If a developer makes a decent, multiplayer-focused first-person shooter but no one is there to play it, does it deserve to be bought? Ponder this piece of Zen as we examine Warpath, a new, budget-priced FPS from developer Digital Extremes. Warpath is, for all intents and purposes, an Unreal Tournament knockoff that looks and feels pretty similar to Digital Extremes' last game, Pariah. Purely taken as a multiplayer shooter, Warpath has its qualities; but those qualities might be difficult to grasp considering that just about nobody is playing this game online, days after its retail release. And as far as its single-player experience goes, it has one, and that's about all you can say for it.
The premise of Warpath is that three warring races are battling it out for supremacy on a distant world. There's the human coalition, a group of futuristic supersoldiers decked out in what looks like a blue version of the Master Chief's suit from a certain other first-person shooter that one might argue Pariah was an awful lot like; the Kovos, a group of mechanical creatures that look like fatter versions of the Cylons from the old Battlestar Galactica series, but with weird Matrix code running down their faces; and the Ohm, who are basically Star Trek's Borg, but without that whole collective consciousness deal. Each race has a couple of unique weapons, but once you play through and unlock all the available guns, effectively there is no difference between factions, save for aesthetics.
Warpath includes deathmatch, team deathmatch, capture the flag, and front line assault modes. The first three are pretty self-explanatory. Front line assault mode places a few capture points around a map, and requires at least one member from each team to stand in those points until a meter fills up and designates it as captured. Once a team has captured all the capture points on a map, they can then gain access to the opposing team's base and blow up its generator to take the round.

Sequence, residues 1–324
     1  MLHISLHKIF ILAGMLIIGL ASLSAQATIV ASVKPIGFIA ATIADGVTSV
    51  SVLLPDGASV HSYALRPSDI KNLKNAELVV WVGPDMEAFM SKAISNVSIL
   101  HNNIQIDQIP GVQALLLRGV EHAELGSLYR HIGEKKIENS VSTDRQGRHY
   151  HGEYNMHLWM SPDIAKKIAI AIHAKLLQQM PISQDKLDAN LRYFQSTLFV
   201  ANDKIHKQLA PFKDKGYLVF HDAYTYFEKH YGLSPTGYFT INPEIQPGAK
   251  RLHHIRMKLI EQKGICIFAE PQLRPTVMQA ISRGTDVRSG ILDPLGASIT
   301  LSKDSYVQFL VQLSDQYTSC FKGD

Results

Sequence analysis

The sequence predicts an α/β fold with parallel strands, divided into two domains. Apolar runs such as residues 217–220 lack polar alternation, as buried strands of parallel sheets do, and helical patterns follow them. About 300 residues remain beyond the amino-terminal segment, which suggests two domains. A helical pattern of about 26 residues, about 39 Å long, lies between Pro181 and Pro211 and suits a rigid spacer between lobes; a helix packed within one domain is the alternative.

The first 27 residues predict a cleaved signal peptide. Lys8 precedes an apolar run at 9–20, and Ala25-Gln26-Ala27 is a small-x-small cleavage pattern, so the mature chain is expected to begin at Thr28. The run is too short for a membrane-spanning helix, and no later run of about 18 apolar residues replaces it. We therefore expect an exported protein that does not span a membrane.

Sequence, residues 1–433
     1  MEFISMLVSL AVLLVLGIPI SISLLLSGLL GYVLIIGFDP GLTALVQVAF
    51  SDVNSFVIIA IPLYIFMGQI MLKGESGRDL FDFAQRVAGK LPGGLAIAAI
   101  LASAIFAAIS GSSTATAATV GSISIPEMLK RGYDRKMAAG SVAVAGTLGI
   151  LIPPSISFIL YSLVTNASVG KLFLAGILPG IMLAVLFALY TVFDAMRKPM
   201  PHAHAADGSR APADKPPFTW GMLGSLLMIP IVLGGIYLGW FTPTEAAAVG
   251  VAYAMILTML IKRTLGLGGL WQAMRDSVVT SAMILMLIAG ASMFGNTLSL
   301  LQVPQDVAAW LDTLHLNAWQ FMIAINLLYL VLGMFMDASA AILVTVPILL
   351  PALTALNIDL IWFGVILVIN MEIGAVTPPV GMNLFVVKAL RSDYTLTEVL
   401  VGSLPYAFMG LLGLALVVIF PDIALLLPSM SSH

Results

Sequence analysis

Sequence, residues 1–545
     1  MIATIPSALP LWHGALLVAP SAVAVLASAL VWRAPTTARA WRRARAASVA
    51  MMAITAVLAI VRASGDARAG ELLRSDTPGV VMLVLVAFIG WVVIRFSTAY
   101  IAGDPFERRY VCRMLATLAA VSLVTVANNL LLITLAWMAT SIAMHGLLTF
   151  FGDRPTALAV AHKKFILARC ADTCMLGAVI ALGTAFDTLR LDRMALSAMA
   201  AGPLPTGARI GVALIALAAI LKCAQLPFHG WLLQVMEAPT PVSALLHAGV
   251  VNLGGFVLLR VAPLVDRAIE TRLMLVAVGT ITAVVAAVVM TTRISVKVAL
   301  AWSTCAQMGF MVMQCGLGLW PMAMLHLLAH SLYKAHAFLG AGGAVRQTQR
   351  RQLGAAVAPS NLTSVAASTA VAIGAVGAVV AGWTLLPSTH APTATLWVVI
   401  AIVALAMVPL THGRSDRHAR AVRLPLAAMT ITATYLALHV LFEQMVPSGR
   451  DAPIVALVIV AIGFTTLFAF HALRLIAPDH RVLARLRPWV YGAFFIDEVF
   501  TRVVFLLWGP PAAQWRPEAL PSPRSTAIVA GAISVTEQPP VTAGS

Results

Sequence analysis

The four modes of play work well enough in Warpath, though the lack of unique or interesting weapons, cramped maps, and largely unnecessary vehicles do put a damper on things. The weapons' greatest fault is that they just don't have much feel to them, nor do they seem especially well balanced. The rocket launcher and shotgun are by far the most useful, whereas guns like the sniper rifle-esque javelin and grenade launcher aren't very effective over the course of a match. Of course, it's good to have at least one person using at least one of these two weapons on your team, but playing as that person isn't much fun, because you tend to get shot in the face a lot more than those wielding a shotgun or rocket launcher.
The maps in the game are almost exclusively indoor, with a few outdoor sections in some. Most of them are composed of narrow corridors, scattered elevators, and a few larger, open areas where bigger groups of combatants tend to congregate. Purely for the purposes of on-foot combat, the maps serve the game pretty well. There's just enough room to maneuver, though there are usually a couple of decent hiding spots and vantage points, and plenty of ammo and armor power-ups. The problems start to mount, however, when vehicles get tossed into the mix. No map in the game appears properly built toward vehicle usage. There's just not enough room to move them around properly, so what you typically end up with is a situation in which both sides have a couple of people in a vehicle, travel to the same spot, kind of get stuck there, shoot each other until one or both of the vehicles explode, and that's that.